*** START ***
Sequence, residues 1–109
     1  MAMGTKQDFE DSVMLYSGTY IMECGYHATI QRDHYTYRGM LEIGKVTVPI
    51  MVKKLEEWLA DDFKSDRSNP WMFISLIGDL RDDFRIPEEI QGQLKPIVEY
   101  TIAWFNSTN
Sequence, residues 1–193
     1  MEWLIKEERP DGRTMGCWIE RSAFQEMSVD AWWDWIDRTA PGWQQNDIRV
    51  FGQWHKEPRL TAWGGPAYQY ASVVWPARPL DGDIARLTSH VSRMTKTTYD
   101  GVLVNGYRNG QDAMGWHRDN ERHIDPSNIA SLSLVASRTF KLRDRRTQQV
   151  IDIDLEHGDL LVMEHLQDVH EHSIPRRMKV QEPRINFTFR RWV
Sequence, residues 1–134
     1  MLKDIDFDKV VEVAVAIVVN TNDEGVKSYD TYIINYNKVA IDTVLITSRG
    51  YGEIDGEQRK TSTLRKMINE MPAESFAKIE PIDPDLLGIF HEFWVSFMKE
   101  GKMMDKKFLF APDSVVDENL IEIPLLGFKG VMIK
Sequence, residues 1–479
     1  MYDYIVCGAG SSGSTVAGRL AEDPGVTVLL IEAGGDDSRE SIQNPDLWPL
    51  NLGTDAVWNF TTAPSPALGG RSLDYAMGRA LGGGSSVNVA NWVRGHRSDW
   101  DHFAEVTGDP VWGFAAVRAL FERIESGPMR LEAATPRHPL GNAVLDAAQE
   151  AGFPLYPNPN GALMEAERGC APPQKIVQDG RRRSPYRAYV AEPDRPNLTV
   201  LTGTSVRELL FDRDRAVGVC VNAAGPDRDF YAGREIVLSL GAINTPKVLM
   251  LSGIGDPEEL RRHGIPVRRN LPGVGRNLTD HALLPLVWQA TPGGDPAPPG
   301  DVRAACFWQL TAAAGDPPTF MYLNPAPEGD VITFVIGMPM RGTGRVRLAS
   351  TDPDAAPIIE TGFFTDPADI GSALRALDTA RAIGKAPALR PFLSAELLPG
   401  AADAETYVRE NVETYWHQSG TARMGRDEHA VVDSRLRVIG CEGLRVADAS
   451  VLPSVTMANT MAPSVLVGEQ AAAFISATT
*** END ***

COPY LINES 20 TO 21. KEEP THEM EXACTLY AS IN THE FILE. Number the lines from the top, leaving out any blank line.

   251  LSGIGDPEEL RRHGIPVRRN LPGVGRNLTD HALLPLVWQA TPGGDPAPPG
   301  DVRAACFWQL TAAAGDPPTF MYLNPAPEGD VITFVIGMPM RGTGRVRLAS